A Facebook disaster


Share on LinkedIn

Social media is a great way for retailers to engage their customers. When done well, customers even engage one another. But believe it or not, that same level of engagement can work against you when something goes wrong.

This is what one of our readers recently experienced when what seemed like a simple request turned into a Facebook disaster. Here is what happened, along withsteps you can take if you ever experience something similar.

One day a locally owned store was asked if they would post in their window a flyer about a lost dog. (You can probably already see where this is going.) Although this retailer does a lot with and for the local community, they have a policy of not placing community material in their windows. They said they would be unable to post the flyer.

Before they knew it what seemed like an innocent decision, consistent with a long-standing policy, blew up online. All of a sudden it seemed that every dog lover in the community was posting vitriolic comments about the store’s unwillingness to place a flyer in the window. It was the social media equivalent of a vigilante gang, and it got very ugly very fast.

What would you do in this case? Okay, maybe you would have posted the flyer, but the same thing could happen if you turn down a request for donation or other possible reasons.

Here are some things to consider:

1. Assess the potential damage. Could what happened blow up into something bigger? Is this something that the mainstream press might pick up and run? Are you in danger of losing large number of customers?

In this instance, I don’t think that was the case. There was a group of passionate pet owners who were upset with the store, but the overall long-term threat wasn’t high. If this was a pet store and they hadn’t helped, the potential damage would be off the charts.

2. Apologize for what happened. Remember, saying you’re sorry doesn’t mean you’re saying you did something wrong. In this case, I don’t think the retailer should apologize for not placing the flyer in the window. The retailer can say he’s sorry that people are upset and apologize for the store not considering other ways to assist the owners of the lost dog. The store could even offer up some new ideas on how they can help.

Here’s what’s interesting. This store did apologize, offered to take some action, and the comments only got more negative. Which takes me to my next point.

3. Remember, just because someone is loud doesn’t mean they speak for all of your customers. This is true whether they’re in your store or online. Sometimes loud people are just passionately opinionated. Sometimes, frankly, they are bullies. Either way, they don’t represent all customers. Our customers know we’re not perfect, and as long as we apologize if something goes wrong they’ll stay with us. That said, we do need to address the loud voices.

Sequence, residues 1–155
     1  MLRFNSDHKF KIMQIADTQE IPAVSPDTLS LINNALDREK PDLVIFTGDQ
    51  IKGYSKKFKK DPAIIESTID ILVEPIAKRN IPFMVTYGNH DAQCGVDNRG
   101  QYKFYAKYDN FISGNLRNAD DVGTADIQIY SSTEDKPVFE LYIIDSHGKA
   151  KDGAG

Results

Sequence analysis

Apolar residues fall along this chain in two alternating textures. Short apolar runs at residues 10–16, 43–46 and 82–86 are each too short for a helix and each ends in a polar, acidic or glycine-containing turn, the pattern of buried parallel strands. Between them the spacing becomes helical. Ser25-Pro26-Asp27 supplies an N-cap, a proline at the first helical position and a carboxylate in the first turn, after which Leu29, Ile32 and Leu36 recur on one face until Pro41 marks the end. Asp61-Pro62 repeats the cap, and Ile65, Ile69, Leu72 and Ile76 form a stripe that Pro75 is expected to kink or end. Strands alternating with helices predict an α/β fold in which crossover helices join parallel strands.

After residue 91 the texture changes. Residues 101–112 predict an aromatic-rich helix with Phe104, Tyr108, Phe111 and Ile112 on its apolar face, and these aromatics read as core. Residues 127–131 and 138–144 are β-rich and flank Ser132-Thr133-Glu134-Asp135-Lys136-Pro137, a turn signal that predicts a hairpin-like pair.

4. Own the storyline. A social media disaster happens when the store or brand loses control of the story. You can’t afford to argue with customers online. A Boston chef did that after a woman posted a poor review on Yelp, and the bad press just about put him out of business. What you can do is own the storyline.

If you’ve apologized and someone still posts a negative comment, directly address his/her comment. Own the storyline so the other person can’t keep fanning the flames even after you’ve apologized.

I might say something like, “I’m sorry that you’re still upset even though we did apologize for what happened. I’d love to talk with you offline to discuss what else I could do to rectify the situation. Please call me at the store at your earliest convenience” It’s highly unlikely you’ll hear from them, and your customers will see that you’ve extended the olive branch.

5. Last but not least, time is a great healer. People go on with their lives, and customers will still come into your store. That is, as long as you’ve addressed a negative situation as it happened.

The good news is that most of us won’t experience our own social media disaster, but if it does happen, I hope you’re now better prepared to manage it.

Have a great week.

Republished with author's permission from original post.

Doug Fleener
As the former director of retail for Bose Corporation and an independent retailer himself, Doug has the unique experience and ability to help companies of all sizes. Doug is a retail and customer experience consultant, keynote speaker and a recognized expert worldwide.


Please use comments to add value to the discussion. Maximum one link to an educational blog post or article. We will NOT PUBLISH brief comments like "good post," comments that mainly promote links, or comments with links to companies, products, or services.

Please enter your comment!
Please enter your name here